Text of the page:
critical incident technique


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critical incident technique

an examination of a series of important incidents in an employee's work performance so as to isolate the factors which determine effectiveness. Usually the employees will be asked to suggest these critical incidents themselves and to indicate what influenced their effectiveness, or lack of it, in each case. This method can be used in PERFORMANCE APPRAISAL, especially when a key objective is improving work performance. Its benefits are that it encourages individuals to consider their own performance, and in so far as they propose the issues to be considered it can make appraisal a fairly open and nonthreatening process.
References in periodicals archive ?
Versatility and flexibility: Attributes of the Critical Incident Technique in nursing research.
To examine further the seasonal variation in online consumer complaints and the attributions made as to reasons for dissatisfaction, we adopted the critical incident technique (CIT; Goetzinger et al, 2006) as it has been identified as an efficient tool to identify and analyze consumer-generated qualitative comments online.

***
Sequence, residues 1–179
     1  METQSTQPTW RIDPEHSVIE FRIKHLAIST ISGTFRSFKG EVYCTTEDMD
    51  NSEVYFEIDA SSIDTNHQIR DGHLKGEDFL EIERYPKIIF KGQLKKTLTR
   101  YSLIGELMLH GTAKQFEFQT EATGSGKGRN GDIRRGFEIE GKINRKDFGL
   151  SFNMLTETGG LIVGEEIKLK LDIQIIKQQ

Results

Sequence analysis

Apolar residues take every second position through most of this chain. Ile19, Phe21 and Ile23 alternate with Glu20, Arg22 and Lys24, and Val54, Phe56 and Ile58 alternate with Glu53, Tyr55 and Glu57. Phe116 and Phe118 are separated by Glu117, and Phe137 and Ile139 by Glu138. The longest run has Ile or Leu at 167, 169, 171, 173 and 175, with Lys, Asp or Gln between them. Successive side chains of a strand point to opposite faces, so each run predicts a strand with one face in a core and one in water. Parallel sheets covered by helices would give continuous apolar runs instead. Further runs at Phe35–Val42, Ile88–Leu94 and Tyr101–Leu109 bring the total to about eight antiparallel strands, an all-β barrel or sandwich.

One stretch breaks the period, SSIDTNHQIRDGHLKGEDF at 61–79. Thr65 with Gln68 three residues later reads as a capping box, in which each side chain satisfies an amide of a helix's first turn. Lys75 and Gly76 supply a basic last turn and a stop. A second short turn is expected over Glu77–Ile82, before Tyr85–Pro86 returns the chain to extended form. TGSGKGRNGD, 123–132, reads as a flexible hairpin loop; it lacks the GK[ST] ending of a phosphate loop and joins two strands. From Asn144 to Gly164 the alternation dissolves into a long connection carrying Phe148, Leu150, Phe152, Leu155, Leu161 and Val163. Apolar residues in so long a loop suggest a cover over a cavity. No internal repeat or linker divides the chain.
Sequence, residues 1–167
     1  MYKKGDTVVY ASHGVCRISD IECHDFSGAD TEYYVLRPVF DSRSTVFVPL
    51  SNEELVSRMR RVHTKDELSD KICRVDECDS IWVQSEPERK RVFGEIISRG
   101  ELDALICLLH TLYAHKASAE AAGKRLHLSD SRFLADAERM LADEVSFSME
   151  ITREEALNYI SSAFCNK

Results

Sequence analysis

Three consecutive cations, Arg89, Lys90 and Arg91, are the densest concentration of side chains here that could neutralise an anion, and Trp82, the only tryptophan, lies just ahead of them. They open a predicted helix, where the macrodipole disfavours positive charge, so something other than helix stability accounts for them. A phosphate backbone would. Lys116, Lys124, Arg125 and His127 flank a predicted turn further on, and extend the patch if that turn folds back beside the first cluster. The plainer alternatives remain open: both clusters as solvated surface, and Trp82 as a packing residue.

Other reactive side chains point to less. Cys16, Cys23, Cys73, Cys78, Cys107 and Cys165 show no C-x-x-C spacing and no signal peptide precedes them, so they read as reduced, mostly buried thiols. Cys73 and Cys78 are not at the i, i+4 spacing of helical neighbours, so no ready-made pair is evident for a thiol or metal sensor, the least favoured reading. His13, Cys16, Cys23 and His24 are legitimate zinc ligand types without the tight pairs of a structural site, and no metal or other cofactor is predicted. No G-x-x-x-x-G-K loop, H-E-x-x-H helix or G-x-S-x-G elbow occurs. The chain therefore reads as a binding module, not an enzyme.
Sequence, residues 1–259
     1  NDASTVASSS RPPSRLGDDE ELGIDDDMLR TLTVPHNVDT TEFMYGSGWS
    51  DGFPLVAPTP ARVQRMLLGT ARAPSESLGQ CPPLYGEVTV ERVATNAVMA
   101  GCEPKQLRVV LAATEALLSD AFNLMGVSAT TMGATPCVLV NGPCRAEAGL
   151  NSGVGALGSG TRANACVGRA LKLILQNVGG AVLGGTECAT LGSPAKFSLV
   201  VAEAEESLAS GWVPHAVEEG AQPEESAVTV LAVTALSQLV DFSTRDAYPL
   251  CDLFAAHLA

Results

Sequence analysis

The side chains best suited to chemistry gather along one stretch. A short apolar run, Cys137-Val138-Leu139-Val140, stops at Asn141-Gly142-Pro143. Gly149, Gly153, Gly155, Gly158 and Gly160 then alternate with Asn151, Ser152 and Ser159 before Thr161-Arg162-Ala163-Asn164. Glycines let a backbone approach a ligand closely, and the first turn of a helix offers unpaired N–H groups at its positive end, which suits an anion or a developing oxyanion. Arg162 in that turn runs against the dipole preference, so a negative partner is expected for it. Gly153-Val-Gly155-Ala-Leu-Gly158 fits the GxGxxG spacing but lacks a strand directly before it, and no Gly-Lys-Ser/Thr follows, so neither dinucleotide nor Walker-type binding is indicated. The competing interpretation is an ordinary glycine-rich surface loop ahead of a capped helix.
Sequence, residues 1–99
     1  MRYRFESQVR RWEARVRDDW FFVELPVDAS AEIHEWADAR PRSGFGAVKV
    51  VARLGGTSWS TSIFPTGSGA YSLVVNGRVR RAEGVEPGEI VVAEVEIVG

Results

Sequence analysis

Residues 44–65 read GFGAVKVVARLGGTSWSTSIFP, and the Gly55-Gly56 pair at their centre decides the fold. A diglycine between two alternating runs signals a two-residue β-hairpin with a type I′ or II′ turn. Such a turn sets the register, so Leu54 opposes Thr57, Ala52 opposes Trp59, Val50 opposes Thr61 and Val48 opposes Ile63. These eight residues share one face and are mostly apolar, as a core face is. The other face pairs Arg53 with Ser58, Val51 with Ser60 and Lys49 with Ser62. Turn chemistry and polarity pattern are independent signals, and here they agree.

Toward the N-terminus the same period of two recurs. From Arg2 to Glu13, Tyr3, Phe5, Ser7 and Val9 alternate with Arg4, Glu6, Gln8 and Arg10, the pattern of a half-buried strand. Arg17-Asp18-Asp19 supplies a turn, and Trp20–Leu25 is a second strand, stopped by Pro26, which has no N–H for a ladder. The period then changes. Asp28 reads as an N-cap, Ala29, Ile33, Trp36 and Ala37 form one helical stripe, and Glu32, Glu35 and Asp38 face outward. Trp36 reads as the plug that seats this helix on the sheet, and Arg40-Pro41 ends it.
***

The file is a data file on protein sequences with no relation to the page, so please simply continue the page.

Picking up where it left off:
The critical incident technique consists of a set of procedures for collecting information that allow participants to 'tell the story' (what) and then generate details by posing probing 'when', 'where' and 'why' questions.
Data were gathered using the critical incident technique, a qualitative technique for collecting observations of human behavior (Flanagan, 1954; Schluter, Seaton, & Chaboyer, 2008).
Using the critical incident technique to understand critical aspects of the minor league spectator's experience.
Based on the Critical Incident Technique of Flanagan and the 'content analyses', a total of 28 critical incidents were defined as technical obstacles, and 17 were related to social obstacles.
critical incident technique (CIT), introduced by Flanagan (1954), as the
Introduced as a research tool by Flanagan (1954) in the 1950s, the critical incident technique (CIT) is a structured methodology for applied research and evaluation that has become a popular technique for collecting and analyzing both qualitative and quantitative data in a variety of social science research settings.
Using the enhanced critical incident technique methodology, the authors extracted 790 incidents from 45 participant interviews.

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